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Car Auctions Buyer Tips

Buying A Car At Auction

By Mike Richards Updated: 07/17/2018 Posted: 10/22/2015

Buying a car at auction involves a few more considerations than purchasing a car from a dealer or private seller. When buying a car the old-fashioned way, you look up a few advertisements, do some research and then go to a car dealer or a private seller and haggle out the price. In the end, your efforts (hopefully) result in a good deal.

When buying a vehicle at auction there are potentially greater benefits when compared to a traditional purchase, given that cars can be purchased well below their normal market value. However, this is not something that should not be taken on without preparation.

With the following top tips for buying a car for cash or credit card, buyers can put themselves in the best position to have a successful vehicle dealership auction experience.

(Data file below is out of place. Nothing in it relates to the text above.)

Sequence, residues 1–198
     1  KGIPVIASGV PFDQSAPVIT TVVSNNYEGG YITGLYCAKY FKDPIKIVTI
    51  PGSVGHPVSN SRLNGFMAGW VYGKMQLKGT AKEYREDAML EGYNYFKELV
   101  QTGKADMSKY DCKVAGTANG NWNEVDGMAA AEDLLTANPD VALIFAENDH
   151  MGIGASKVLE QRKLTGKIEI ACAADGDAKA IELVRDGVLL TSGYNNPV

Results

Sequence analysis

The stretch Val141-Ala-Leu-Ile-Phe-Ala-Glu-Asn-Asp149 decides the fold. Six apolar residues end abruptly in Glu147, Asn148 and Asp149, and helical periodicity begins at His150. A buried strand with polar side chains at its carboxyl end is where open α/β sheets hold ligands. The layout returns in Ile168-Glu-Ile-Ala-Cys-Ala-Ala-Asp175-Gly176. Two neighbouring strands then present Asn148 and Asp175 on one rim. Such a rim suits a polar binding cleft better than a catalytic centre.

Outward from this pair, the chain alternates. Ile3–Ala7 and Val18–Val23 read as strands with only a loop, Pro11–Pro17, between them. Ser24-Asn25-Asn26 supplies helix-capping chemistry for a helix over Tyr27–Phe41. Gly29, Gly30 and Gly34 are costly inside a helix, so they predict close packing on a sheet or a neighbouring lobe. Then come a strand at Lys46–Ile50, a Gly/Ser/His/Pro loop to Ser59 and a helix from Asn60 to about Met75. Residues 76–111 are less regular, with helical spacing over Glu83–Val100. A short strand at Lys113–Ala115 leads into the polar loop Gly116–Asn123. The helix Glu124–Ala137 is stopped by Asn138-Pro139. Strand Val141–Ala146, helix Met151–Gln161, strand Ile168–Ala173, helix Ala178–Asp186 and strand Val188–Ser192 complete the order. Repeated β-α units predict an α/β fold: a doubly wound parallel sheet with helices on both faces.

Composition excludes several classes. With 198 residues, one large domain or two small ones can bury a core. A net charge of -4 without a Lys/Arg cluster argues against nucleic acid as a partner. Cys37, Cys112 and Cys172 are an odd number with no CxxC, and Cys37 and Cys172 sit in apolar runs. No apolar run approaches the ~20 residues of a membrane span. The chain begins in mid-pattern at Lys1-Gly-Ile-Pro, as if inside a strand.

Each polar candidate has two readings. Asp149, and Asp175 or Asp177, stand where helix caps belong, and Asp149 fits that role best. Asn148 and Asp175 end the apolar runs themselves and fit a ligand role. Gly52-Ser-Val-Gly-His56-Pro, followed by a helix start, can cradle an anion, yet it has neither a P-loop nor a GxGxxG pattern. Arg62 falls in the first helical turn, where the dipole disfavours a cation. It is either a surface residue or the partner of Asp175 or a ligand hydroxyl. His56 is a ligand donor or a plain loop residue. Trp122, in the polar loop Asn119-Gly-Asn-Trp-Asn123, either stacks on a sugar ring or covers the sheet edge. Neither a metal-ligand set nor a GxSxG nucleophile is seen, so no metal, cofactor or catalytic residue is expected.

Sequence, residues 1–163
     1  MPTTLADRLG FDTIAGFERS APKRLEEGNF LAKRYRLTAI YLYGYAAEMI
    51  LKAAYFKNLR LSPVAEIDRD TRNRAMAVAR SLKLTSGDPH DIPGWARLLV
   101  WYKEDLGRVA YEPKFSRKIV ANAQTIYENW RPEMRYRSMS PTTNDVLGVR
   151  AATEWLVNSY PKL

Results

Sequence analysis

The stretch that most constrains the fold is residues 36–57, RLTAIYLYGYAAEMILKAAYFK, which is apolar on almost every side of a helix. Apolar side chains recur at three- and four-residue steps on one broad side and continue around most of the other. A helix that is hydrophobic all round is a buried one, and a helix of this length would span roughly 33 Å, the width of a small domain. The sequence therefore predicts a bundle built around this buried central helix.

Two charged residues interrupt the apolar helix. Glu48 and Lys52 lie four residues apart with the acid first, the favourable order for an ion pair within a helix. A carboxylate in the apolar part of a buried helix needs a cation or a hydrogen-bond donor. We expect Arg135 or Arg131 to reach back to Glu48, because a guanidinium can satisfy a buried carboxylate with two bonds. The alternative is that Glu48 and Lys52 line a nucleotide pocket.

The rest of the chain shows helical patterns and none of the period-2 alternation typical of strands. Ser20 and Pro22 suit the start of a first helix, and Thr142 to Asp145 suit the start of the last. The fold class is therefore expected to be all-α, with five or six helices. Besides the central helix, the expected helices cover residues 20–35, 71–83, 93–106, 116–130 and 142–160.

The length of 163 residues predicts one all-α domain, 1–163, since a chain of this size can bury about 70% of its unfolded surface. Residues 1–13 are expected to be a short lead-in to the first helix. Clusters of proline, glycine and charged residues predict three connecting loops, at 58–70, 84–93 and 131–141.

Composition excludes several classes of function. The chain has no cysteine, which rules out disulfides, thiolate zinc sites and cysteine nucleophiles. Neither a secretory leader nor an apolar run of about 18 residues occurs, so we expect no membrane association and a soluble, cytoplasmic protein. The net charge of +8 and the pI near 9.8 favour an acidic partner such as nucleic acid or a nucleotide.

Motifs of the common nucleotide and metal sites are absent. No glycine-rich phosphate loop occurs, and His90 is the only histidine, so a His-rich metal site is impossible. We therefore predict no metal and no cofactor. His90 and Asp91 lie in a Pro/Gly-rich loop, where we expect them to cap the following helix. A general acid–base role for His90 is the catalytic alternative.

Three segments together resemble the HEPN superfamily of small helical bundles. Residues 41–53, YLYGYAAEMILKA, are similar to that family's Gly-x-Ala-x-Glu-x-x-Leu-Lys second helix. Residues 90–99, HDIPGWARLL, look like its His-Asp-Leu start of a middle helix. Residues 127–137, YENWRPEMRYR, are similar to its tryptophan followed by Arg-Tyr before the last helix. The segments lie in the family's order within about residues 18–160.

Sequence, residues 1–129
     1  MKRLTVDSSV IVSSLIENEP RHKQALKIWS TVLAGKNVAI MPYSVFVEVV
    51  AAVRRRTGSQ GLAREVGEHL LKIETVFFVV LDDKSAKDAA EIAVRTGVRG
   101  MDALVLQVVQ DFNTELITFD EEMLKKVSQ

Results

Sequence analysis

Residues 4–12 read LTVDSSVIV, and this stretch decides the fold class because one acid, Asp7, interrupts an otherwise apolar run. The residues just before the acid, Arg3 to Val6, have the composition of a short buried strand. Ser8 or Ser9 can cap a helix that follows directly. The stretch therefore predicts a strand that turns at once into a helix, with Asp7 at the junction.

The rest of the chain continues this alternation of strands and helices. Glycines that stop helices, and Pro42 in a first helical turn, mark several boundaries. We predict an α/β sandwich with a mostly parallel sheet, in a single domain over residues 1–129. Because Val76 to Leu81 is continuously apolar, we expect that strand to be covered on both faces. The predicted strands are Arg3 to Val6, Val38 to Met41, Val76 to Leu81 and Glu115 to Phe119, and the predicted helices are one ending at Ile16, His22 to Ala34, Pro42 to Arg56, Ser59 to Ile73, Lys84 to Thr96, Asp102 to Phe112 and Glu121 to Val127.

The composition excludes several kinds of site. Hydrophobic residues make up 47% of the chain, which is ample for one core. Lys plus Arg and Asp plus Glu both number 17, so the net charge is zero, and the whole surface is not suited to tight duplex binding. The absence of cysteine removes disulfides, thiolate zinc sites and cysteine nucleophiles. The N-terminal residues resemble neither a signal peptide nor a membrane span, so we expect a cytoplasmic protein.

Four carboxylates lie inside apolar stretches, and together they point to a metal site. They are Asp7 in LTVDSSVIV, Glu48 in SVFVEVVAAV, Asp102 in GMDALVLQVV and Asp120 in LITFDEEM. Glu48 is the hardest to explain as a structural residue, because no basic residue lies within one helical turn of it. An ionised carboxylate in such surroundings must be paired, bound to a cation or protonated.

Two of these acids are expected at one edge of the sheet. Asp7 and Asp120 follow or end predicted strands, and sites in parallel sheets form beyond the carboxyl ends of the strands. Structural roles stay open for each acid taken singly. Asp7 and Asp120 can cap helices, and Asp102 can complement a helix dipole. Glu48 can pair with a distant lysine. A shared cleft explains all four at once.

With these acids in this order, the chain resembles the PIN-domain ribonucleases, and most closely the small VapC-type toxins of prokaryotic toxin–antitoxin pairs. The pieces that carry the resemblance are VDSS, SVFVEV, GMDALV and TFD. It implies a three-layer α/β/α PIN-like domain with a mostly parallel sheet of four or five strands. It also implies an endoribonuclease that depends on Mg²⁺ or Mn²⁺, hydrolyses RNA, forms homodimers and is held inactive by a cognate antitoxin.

Do Your Homework

When purchasing a car at auction, it is important to do your homework. There are two main areas to look into when buying a car at auction. The first involves checking the resale value of the vehicle through sites such as Kelly Blue Book and Edmunds.

These sites provide the current trade in, retail and market value of a vehicle based on the condition of the vehicle, features found in the vehicle and location. Valuation data can provide a baseline regarding how much you should pay and what type of value expect from the purchase.